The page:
July 28 - August 1, 1853
Preparing to depart from the Assiniboine Camp, Stevens formed a party consisting of Mr. Lander, Dr. Suckley, Mr. Burr, and Corporal Rummell, who were fitted out for a journey to Pierced Rock on the Mouse river. They were tasked to explore the White Earth river; to make a thorough examination for coal and iron. They were further instructed by Stevens to explore the White river and surrounds as well as the Côteau du Missouri. From thence, to the 49th parallel and take a detour to the northwest to arrive at the Yellowstone in four days. Their surveys were to include barometrical observations, elevations, depressions, valleys, etc. in order to secure the best possible profile of the region.
Traveling 11 to 23 miles per day, the several days journey was primarily through rolling and hilly areas with stony knolls. There were small tributaries linked to Muddy Creek and scattered areas of trees. Also noted were a number of dry water courses that were probably flowing during spring and winter rains. On the 31st of July they had made a noon stop at Painted Wood creek, about 10 ½ miles from their camp where they were joined by two Assiniboine’s on their way to Fort Union to purchase tobacco and other sundries. The remainder of their day’s progress was a gradually changing landscape of harder prairies and a gradual but steady ascent, in view of the hills marking the Yellowstone; roughly 6 miles distant. Pitching their tents, they made camp and were soon joined by two other survey groups returning from their appointed tasks.
One problem they had been facing over the last few days was the scarcity of wood for fires, so they were using buffalo chips (dried buffalo dung) for fuel. Unfortunately, it appeared that there ha been fire the previous spring and buffalo chips were no longer easily available. Being unable to cook, Stevens ordered that pemmican be issued for their evening meal.[i] As was the practice when the trains arrived closer to a source of supplies such as Fort Union, provisions were inventoried and a list made of needs to be obtained from the fort.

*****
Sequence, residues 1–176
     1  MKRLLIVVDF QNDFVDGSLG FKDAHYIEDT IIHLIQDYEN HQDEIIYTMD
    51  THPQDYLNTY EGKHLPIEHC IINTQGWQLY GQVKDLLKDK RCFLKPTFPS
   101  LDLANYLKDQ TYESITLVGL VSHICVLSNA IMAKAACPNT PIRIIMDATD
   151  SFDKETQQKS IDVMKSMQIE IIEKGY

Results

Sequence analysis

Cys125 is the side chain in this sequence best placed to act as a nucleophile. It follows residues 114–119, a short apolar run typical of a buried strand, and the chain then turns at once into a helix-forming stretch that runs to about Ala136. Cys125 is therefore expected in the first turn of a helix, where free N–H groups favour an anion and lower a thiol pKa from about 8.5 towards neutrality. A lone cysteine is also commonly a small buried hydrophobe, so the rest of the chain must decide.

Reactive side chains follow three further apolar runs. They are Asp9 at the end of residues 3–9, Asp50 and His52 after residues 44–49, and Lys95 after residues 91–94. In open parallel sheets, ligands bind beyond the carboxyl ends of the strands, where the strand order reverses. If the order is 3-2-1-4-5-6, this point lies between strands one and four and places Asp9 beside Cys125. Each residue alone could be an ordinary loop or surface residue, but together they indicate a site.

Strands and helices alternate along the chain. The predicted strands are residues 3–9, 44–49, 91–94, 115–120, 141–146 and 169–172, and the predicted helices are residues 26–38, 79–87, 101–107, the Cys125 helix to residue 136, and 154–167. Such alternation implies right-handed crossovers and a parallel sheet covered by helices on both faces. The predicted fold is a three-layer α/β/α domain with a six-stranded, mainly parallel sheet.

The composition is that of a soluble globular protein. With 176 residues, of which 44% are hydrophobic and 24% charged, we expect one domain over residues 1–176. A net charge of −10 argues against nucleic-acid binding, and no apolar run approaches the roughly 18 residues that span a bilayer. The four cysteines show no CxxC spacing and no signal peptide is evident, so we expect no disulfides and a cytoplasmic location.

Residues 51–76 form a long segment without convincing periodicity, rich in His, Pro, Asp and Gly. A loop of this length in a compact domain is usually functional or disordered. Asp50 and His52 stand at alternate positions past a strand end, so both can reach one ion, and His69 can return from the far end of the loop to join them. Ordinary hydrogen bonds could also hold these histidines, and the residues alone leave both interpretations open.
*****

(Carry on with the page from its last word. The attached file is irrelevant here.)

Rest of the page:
August 1, 1853. Several individuals sent out to obtain provisions returned from Fort Union and the group proceeded on their journey toward the fort after marking another line. “About half a mile further we came in sight of the Missouri river, and the whole party gave three cheers as its beautiful bluff banks, dotted with timber, came in view.”  Stevens was then joined by Lieutenant Donelson Grover, who gave his report of the trip from Pike Lake which included the beauty of Lake Traverse and his experiences surveying the Missouri river.
The Lieutenant recounted their trip near the Butte de Morale, a prominent landmark, and his surveys of the Mouse river.
The configuration of Mouse River valley, as well as of its tributaries, resembles that of the Shyenne. High ridges divide the plateau bordering the stream from that extending into the prairie, with coulées intersection it and opening into the river on the one side, gradually growing imperceptible as they make into the prairie on the other. The general course of the river, and of its principal branch, the Riviere des Lacs, is nearly parallel to that of the Missouri, for the distance we followed it…and in the examination for a good passage for the wagon train, secluded spots were found where beetling crag [rocks that stick out; stand out] and winding stream, venerable trees and greenest sward [expanse of short grass] combined in scenes of much picturesque beauty. 
“Near Mouse River” lithographic print by Stanley Del
The distance from Mouse River to Fort Union, as they travelled, was 118 ¼ miles. They crossed the Grand Côteau, “a collection of high, strong, and barren knolls, with great numbers of small ponds lodged between the hills. Scarcely any wood is to be found, except a little on white earth river and its branches; but as water and grass are usually plentiful, this ridge will become a good grazing country.”
We will pick up the journey at Fort Union in the next installment of the series.
[i] Pemmican: A paste of dried and pounded meat mixed with melted fat and other ingredients, such as berries, originally made by North American Indians.